Amendment agreed to.
Amendments made: No. 94, in
' In section 4 (suspension orders), in subsections (3) and (5) for ''class'' substitute ''description''.'.
No. 573, in
(a) in subsection (1) omit ''a trustee of such a scheme ceases to be a trustee'', and
(b) in subsection (2) for ''section 23(1)(b)'' in both places substitute ''section 23(1)''.'.
No. 95, in
Column Number: 715
' In section 9 (removal and appointment of trustees: property), after ''exercise'' insert ''by order''.'.
No. 574, in
' In section 22 (circumstances in which independent trustee provisions apply), in subsections (1) and (3) for ''to 26A'', in each place, substitute ''to 26''.
In section 25 (appointment and powers of independent trustees: further provisions)—
(a) in subsection (1) for ''section 23(1)(b)'' substitute ''section 23(1)'',
(b) in subsection (2)—
(i) after ''a scheme'' insert ''and there is an independent trustee of the scheme appointed under section 23(1)'', and
(ii) omit from ''but if'' to the end,
(c) in subsection (3) for '', no independent trustee of the scheme may'' substitute ''and there is an independent trustee of the scheme appointed under section 23(1), the independent trustee may not'', and
(d) in subsection (4)—
(i) for ''section 23(1)(b)'' substitute ''section 23(1)'', and
(ii) after ''person'' insert ''(within the meaning of section 23(3))''.
In section 26 (insolvency practitioner or official receiver to give information to trustees), in subsection (1) after ''a scheme'' insert ''by virtue of subsection (1) of that section''.
Sections 26A to 26C are hereby repealed.'.
No. 96, in
' In section 29 (persons disqualified for being trustees), in subsection (5) for ''class'' substitute ''description''.'.
No. 97, in
(a) in subsection (2), after ''exercise'' insert ''by order'', and
No. 567, in
No. 98, in
' In section 69(2) (power to make provision in relation to applications under that section)—
(a) for ''about the manner of dealing with'' substitute ''requiring'', and
(b) after ''this section'' insert ''to meet prescribed requirements''.'.
No. 99, in
' In section 71A(4)(d) (power to make provision in relation to applications for the purposes of that section)—
(a) for ''before such time as may be prescribed'' substitute ''before an application is made for the purposes of this section'', and
(b) for ''an application for the purposes of this section'' substitute ''the application''.'.
No. 575, in
' In section 118 (powers to modify Part 1 of the Pensions Act 1995)—
(a) in subsection (2) for ''to 26C'' substitute ''to 26'', and
Column Number: 716
(b) omit subsection (3).'.
No. 100, in
'( ) in subsection (3) after ''may'' insert ''by direction'','.—[Mr. Pond.]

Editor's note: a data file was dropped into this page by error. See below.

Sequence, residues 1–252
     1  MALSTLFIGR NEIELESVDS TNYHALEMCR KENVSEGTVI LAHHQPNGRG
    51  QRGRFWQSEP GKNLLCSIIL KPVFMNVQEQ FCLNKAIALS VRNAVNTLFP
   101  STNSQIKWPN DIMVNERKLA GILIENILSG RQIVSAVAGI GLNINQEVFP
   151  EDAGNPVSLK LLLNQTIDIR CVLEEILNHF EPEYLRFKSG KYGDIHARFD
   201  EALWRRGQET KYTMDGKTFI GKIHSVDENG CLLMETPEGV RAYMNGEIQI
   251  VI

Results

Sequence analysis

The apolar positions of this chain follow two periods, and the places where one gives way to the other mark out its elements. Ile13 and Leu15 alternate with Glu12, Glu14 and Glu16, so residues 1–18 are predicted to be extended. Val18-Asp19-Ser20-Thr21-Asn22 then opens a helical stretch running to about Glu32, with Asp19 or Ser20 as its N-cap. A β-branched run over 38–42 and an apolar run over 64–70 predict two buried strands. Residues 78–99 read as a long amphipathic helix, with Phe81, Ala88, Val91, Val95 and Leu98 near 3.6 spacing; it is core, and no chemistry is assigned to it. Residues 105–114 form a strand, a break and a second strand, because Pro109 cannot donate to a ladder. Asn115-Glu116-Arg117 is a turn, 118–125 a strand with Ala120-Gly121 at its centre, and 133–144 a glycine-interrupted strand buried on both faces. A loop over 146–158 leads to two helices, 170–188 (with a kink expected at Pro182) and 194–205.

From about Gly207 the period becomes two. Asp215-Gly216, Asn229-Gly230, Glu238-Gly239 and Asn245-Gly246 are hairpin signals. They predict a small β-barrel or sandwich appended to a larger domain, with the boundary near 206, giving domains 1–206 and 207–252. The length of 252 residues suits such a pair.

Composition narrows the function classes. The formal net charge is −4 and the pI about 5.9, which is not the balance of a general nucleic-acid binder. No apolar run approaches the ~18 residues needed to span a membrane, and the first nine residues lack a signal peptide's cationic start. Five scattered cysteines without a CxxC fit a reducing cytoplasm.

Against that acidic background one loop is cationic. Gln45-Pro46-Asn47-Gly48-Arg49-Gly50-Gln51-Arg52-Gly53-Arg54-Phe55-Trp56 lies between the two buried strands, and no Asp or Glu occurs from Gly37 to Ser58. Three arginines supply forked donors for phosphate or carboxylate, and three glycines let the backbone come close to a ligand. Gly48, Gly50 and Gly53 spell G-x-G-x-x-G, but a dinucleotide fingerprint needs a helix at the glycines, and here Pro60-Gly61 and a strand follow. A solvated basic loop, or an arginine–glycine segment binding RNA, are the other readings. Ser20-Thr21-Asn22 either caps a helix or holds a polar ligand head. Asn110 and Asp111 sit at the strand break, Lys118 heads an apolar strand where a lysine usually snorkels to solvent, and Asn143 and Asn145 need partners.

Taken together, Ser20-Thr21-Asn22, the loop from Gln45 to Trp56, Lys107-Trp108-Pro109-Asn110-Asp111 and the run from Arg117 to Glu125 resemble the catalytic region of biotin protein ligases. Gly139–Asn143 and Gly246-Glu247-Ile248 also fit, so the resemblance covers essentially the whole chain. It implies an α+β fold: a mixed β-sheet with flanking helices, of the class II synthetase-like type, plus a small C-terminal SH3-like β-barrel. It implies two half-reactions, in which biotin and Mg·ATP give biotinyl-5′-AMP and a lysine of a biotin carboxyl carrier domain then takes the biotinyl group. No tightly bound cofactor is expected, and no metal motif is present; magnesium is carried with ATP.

Mr. Pond: I beg to move amendment No. 512, in
'39 (1) Paragraph 1 of Schedule 1 (application of enactments relating to occupational trust schemes to certain stakeholder schemes) is amended as follows.
(2) In sub-paragraph (2), in paragraph (b)—'.
The Chairman: With this it will be convenient to discuss Government amendment No. 513.
Mr. Pond: The amendments update the Welfare Reform and Pensions Act 1999 to ensure that trust-based personal stakeholder pension schemes are subject to the fraud compensation policies that we have discussed. Such schemes will also be subject to the provisions on gathering information set out in clauses 152 to 165. This is another example of the Government maintaining consistency of approach with the Pension Compensation Board's current coverage of pension schemes, although there have been no fraud compensation payments to stakeholder pension schemes to date.
Without bringing those schemes under the PPF umbrella, they would not have the formal protection that they currently enjoy. Due to the unusual nature of the schemes, we propose to apply the clauses on fraud compensation and information gathering with modifications that will be prescribed by the Secretary of State. That will enable us to remove aspects of those clauses that do not apply in the case of stakeholder pension schemes because, for example, they have no employer. It will also enable us to introduce new requirements in the event of them being needed.
Trust-based stakeholder pension schemes are rare. There are currently five, all of which have fewer than 400 members. However, as they have received PCB protection, we want that to continue under the PPF. The appeal and review rights in relation to full compensation will apply to those schemes in the same way as they apply to occupational schemes.